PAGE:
ETA: The schooling show video from July looks better, but I can't be on board with her riding the grey horse with a gimmick on his head. It's just not ok.

            Comment


            • I'm not disagreeing with M'al's suggestion. I think every young rider would probably benefit from spending some time in a vaulting program. However, the reality is that vaulting programs are extremely rare. Only a tiny percentage of riders in the US are within even remotely feasible traveling distance from a place that offers vaulting classes.



              Originally posted by Scribbler View Post
              My two cents is that I have *no idea* how anyone manages to learn to ride in once weekly lessons, despite seeing it all around me. I learned to ride as a kid without lessons, just "bombing around" on my horse, and then I got some books on training and equitation, and taught myself from that. When I returned to riding in my 40s, I did once a week then twice a week lessons for a couple of years, because my form had all been lost, but I still had the basic balance for a spook that I learned as a kid. I don't know if I could ever have developed a seat just in lessons. So all of this is a bit of a mystery to me!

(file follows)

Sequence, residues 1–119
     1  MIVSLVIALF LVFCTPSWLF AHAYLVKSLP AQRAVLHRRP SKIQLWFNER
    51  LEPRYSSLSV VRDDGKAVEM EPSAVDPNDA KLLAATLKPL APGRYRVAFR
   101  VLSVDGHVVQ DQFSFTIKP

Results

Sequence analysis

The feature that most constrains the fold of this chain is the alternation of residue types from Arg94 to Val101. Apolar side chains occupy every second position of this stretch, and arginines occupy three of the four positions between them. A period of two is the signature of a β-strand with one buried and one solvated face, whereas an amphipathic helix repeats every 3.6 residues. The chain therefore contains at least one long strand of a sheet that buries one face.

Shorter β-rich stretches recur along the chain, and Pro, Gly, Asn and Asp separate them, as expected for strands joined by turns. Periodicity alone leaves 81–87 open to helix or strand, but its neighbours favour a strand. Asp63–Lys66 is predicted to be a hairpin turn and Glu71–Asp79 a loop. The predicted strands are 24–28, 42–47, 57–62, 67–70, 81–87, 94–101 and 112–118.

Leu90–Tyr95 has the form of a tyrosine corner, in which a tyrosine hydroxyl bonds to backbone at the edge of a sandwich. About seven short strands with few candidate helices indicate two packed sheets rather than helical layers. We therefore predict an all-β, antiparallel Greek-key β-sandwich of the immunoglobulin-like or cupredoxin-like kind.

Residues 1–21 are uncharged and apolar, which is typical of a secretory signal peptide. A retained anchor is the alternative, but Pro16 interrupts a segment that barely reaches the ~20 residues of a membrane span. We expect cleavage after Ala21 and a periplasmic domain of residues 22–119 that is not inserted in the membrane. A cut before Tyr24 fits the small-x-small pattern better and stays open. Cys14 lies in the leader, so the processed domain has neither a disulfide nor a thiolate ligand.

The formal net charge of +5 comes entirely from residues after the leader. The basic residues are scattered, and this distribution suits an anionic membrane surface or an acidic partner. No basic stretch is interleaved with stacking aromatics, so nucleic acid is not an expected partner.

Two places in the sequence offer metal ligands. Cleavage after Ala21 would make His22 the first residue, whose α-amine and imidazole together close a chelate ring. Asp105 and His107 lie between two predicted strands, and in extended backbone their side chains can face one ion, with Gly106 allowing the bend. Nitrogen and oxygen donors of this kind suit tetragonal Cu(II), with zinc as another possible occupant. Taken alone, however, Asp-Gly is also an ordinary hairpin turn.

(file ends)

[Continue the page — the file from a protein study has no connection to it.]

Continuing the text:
I really try to refrain from expressing sentiments like these. I make enough unpopular statements here already as it is.